"Yea, verily, verily I say unto you, if all men had been, and were, and ever would be, like unto Moroni, behold, the very powers of hell would have been shaken forever; yea, the devil would never have power over the hearts of the children of men."
I remember reading that verse as a teenager, and thinking, "Man, too bad he's not around now to date!" The caliber of these men always stuck out to me as something incredibly special. They were and still are my heroes.
|(photo source- "Come Forth", by Walter Rane)|
Mormon writes part of Moroni's epistle to Pahoran, and it further demonstrates his character.
"Behold, I am Moroni, your chief captain. I seek not for power, but to pull it down. I seek not for honor of the world, but for the glory of my God, and the freedom and welfare of our country. And thus I close mine epistle." (Alma 60:36)
Can you imagine if even the simplest of minds thought like this? If everyone with a bright idea or invention sought not for power, but to glorify God by bringing their idea to fruition?
I don't begrudge anyone who seeks wealth. That's not where my mind was headed when I started this. But to think that here, the leaders of these forces were more concerned with the well-being of their fellow men, rather than seeking power or honor. Moroni wasn't writing Pahoran to get a pay raise. Or to get a decent retirement. He was seeking the basic necessities for those who were defending the freedoms of others. Food. Provisions. Do we take care of those who defend our freedoms this way? And do we rely solely on the government to take charge of these things? Moroni took charge of rounding up men to arms. He took care of insurgents, and didn't mess around. He got things done.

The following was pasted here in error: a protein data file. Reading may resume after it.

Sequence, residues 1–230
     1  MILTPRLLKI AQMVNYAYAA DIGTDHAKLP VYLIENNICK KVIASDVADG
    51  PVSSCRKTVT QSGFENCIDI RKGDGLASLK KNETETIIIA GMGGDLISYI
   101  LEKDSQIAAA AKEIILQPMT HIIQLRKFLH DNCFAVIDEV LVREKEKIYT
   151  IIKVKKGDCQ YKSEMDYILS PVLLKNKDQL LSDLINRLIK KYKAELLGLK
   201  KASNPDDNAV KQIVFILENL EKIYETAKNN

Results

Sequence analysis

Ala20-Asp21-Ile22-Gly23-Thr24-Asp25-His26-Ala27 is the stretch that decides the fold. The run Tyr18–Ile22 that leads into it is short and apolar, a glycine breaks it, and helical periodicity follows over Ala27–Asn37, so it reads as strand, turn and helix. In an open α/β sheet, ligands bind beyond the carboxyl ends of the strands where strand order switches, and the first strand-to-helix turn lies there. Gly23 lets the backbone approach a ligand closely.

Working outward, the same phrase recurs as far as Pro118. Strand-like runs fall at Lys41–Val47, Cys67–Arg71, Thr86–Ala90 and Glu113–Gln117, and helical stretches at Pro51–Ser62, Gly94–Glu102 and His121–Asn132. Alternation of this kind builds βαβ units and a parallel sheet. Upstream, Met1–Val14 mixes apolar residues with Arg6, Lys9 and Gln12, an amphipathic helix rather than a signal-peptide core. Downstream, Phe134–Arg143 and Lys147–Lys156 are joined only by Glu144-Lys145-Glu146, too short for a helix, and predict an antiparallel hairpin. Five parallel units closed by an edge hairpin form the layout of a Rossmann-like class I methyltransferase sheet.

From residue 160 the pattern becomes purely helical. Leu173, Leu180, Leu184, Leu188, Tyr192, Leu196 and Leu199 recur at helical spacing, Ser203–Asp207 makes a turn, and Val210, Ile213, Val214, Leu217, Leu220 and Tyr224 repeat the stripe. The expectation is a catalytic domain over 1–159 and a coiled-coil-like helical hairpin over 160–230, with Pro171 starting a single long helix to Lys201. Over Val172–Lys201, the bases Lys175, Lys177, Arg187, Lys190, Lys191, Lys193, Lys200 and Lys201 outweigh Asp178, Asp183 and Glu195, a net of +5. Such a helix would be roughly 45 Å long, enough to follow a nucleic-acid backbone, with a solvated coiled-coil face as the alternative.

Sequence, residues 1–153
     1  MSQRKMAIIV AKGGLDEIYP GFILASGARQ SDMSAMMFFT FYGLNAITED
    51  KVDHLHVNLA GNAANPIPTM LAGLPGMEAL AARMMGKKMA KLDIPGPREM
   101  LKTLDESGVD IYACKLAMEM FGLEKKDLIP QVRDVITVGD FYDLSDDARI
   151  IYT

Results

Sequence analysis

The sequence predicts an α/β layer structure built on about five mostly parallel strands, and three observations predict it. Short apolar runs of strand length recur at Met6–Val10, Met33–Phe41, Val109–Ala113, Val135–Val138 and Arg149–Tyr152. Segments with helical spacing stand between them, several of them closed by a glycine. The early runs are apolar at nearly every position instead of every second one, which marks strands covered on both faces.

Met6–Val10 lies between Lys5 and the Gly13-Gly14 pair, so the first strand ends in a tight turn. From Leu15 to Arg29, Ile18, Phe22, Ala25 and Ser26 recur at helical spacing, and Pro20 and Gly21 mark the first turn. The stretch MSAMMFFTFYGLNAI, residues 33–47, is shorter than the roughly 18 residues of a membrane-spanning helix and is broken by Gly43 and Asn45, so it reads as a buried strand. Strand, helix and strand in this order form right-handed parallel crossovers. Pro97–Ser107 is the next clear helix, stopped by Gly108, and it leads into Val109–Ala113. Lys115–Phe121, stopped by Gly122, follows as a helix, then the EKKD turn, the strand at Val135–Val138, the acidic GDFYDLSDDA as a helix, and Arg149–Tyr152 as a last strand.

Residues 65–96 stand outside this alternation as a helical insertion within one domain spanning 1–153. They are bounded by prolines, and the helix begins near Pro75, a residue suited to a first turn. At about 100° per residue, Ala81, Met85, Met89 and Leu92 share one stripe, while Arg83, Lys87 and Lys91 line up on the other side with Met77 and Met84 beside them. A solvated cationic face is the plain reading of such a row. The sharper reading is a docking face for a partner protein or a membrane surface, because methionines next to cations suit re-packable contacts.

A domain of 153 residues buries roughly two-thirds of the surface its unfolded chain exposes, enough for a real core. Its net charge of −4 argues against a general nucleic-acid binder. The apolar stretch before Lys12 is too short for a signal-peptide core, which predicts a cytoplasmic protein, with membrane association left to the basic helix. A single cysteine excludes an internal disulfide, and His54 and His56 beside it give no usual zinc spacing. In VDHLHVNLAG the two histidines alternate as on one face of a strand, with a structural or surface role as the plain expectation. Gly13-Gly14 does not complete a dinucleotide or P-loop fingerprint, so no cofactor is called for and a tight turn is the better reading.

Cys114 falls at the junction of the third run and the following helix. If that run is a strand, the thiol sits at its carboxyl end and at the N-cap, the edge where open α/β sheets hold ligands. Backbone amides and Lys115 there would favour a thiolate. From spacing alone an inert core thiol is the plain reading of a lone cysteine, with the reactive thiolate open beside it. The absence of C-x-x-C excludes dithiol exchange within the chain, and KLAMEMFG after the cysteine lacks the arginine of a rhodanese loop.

Interestingly, this reminds me of some of the political debate going on today, only those debates involve a whole lot of suspicion, corruption, and debt. Wouldn't it be something, to have a leader that's completely trustable? One who's not afraid to mention his belief in God? To allow our military to take care of insurgents, without having to go through endless red tape and "code of conduct" policies that end up getting soldiers killed?
Was there "separation of church and state" here? Was Moroni worried about being politically correct? Faith was not forced upon anyone in this time, but time and time again, the faith and trust these men and women put in God was given as the reason for their salvation from utter destruction. Why is this such a hard message for people to grasp?
I could go on and on. Some people think these chapters are too tough to read through. To me, they're too incredible not to. Action packed and LOADED with application for our day.